Zenonia 4 Review

Zenonia 4 proves that heroes named “Regret” can still be a lot of fun

The Zenonia games remind me a bit of the Resident Evil films: The newer titles seem to be working really hard to make up for the problems of their predecessors. In the case of Zenonia, each release has done a lot to correct the shortcomings of the previous game. With Zenonia 4, the overall quality has been refined into something that’s pretty solid, though it’s still not quite perfect.

This is how the story starts out: You control a spikey haired androgynous hero (groan) named Regret (GROAN). Regret lives in a small idyllic village in the middle of nowhere, until one day when a mysterious stranger shows up. It turns out that the mysterious stranger is actually Regret from the future who has come back in time to tell his younger self about how he’s actually dead and living in a fantasy world that he needs to wake up/resurrect from (GROOOOOAN). Oh, and there’s some dark lord or something that he needs to defeat in order to save the world (sorry, I can’t groan anymore, I ran out of breath). Honestly, once you get past the absurd details, the story is pretty generic fantasy RPG stuff. Oh, also: the dialogue is beyond terrible, but this isn’t the type of game that you really play for its narrative.

Now, this is a very good looking game. In fact, even though it’s not a universal app, it arguably looks better on the iPad than it does on the iPhone. The 2D top-down graphics feel like they’re straight out of an anime, and the cutscene portraits that showcase dialogue are equally high-quality. However, the localization to English seems like it could have used some more time with the editors, since it occasionally features grammar and/or spelling errors, not to mention that the on-screen text wrapping is regularly wonky.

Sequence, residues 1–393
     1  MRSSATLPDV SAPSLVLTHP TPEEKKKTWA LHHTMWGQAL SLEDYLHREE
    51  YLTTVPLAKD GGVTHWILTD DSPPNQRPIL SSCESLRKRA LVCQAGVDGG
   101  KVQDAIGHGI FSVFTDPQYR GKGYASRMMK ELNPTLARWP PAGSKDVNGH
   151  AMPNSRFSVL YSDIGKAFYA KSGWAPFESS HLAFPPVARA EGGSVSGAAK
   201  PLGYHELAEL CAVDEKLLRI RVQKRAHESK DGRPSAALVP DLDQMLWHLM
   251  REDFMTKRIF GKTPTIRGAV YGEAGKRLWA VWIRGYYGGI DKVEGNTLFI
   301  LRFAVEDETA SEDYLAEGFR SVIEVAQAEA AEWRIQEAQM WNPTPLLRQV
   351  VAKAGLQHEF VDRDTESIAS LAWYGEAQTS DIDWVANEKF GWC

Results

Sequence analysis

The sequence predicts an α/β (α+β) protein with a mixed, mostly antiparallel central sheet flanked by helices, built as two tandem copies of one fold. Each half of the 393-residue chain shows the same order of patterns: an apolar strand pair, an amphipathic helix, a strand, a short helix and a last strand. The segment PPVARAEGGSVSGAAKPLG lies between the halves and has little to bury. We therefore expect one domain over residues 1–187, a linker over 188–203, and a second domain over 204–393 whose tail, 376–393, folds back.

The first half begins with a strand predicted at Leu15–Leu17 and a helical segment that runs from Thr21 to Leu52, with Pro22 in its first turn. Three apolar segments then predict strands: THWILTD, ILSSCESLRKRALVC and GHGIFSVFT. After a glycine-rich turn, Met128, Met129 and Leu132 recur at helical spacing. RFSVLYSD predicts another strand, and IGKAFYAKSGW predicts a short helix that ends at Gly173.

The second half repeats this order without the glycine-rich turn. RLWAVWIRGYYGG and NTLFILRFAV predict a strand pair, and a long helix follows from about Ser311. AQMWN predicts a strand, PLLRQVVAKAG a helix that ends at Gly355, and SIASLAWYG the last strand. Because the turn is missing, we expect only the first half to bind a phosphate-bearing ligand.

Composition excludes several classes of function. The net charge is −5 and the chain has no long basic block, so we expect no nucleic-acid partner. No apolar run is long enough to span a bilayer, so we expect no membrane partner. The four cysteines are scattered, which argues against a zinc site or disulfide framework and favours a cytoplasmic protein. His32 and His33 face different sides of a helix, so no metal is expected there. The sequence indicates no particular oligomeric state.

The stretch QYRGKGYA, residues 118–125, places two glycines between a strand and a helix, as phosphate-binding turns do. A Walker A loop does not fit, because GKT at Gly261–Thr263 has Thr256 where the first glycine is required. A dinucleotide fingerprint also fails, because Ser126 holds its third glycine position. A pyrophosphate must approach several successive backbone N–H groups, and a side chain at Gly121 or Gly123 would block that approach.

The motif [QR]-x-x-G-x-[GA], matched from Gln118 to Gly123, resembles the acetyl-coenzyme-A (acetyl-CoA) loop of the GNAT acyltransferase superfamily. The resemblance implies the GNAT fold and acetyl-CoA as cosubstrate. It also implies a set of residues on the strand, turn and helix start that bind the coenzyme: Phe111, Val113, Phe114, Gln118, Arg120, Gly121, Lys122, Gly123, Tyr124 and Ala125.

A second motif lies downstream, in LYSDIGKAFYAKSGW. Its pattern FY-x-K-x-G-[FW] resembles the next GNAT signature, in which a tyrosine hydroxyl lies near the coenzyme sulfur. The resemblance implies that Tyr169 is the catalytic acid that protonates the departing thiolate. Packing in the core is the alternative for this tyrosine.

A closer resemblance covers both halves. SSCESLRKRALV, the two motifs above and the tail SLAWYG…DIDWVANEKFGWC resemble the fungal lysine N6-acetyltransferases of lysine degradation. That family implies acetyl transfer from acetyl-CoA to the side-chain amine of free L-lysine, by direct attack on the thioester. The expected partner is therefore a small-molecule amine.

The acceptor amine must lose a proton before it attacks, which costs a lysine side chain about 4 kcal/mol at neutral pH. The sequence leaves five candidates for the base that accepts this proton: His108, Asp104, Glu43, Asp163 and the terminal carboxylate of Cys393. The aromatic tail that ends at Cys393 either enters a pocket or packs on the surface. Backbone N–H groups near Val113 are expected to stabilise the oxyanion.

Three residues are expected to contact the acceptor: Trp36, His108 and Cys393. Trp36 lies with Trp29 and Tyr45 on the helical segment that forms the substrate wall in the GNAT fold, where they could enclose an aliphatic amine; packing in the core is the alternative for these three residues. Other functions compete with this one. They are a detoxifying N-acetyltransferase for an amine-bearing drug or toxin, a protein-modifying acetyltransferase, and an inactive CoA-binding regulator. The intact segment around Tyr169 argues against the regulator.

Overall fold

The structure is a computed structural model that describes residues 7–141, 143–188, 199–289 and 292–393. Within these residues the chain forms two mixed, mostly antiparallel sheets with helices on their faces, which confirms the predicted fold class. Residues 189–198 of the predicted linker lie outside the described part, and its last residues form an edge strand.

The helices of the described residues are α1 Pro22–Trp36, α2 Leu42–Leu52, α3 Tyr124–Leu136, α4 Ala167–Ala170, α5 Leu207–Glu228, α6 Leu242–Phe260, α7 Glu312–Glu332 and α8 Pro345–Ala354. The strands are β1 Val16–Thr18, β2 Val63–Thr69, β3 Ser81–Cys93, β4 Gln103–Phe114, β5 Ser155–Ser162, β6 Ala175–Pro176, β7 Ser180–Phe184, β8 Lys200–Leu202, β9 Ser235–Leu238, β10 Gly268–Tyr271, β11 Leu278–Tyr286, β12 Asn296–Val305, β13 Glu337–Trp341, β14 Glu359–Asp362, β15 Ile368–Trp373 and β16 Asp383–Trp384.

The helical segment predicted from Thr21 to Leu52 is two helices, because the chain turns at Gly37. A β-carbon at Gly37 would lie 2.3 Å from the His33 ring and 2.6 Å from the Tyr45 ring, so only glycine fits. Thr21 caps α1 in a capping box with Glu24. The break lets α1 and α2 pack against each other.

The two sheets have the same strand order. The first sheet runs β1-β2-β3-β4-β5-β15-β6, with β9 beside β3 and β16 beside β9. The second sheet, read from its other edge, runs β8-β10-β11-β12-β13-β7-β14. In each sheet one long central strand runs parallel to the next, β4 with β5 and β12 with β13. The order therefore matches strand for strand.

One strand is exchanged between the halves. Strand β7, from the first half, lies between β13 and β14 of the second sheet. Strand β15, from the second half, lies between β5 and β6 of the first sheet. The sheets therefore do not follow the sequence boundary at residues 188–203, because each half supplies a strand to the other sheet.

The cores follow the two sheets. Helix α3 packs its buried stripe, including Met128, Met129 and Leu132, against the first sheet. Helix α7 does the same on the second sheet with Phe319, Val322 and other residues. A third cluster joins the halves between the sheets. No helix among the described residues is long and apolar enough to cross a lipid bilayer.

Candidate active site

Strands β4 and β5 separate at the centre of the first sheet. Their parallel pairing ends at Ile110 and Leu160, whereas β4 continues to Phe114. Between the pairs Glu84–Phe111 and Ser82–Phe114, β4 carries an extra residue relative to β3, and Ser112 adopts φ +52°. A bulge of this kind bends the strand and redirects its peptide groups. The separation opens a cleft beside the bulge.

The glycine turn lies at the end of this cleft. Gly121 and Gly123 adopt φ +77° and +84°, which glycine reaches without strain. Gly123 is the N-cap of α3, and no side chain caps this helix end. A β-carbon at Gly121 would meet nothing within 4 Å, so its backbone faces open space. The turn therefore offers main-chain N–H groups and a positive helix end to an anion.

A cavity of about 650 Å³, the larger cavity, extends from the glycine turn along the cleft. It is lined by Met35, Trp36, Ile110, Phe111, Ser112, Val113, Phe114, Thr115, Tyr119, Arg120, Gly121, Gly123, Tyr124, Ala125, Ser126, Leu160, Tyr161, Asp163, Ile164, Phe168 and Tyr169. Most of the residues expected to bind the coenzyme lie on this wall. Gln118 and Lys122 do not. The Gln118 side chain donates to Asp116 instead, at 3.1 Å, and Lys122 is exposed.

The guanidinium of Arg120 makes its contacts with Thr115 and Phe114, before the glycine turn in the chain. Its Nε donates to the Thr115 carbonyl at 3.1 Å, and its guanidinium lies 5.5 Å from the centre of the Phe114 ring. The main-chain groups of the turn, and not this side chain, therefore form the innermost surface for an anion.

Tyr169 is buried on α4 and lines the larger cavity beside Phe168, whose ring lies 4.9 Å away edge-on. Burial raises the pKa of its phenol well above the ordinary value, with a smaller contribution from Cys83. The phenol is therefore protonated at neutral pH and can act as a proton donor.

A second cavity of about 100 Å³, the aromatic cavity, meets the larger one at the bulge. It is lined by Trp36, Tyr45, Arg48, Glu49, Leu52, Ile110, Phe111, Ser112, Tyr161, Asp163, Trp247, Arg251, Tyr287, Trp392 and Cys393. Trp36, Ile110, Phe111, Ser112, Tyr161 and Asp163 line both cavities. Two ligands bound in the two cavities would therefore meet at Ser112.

The strongest part of Zenonia 4, thankfully, is its gameplay. The game will likely play a bit differently for everyone, thanks to the substantial customization that’s available. Aside from the various character classes that you can choose to play as (warrior, assassin, ranger, or druid), how you level up and upgrade Regret changes how he performs. The different classes offer a number of different play styles, all of which feel substantially different from one another.

Zenonia 4

The bread and butter of the game is its action-oriented gameplay, which is both well-made and fast-paced. The D-pad, action button, and quick-item slots that were present in Zenonia 3 are still here and don’t seem to have been messed with, following the wise philosophy of “if it ain’t broke, don’t fix it.”

Because this is a freemium game, there are some microtransaction elements present, not to mention a lot of advertisements, both demanding you give Zenonia 4 a high rating and check out other games. The microtransactions are actually a bit surprising because they seem to only be limited to the in-game currency of Zen. As a result, you can play through the entire game and never have to spend a literal penny on acquiring virtual items or skill points. That said, if you do shell out some cash, you can make things a lot easier for Regret during his battles.

Zenonia 4

There is one major irritation in the game, though, since you’ll constantly be pressured to provide it with a five-star rating. Until you’re willing to rate the title, a reminder message will constantly pop up on your screen (provided that you haven’t already clicked on the “No, Thanks” option). Also, as opposed to other games — which usually offer an in-game reward for high ratings — the message basically states (I’m paraphrasing here) “if you want to see any expansions or updates, you need to give Zenonia 4 a good review.” It’s obnoxious, to say the least.

Zenonia 4 is a lot of fun (despite its horrible storyline and dialogue) thanks in large part to the solid mechanics, great graphics and fast-paced combat. It doesn’t exactly break the mold, and it’s still got some issues, but it manages to provide an entertaining action RPG experience that is both epic and enjoyable.

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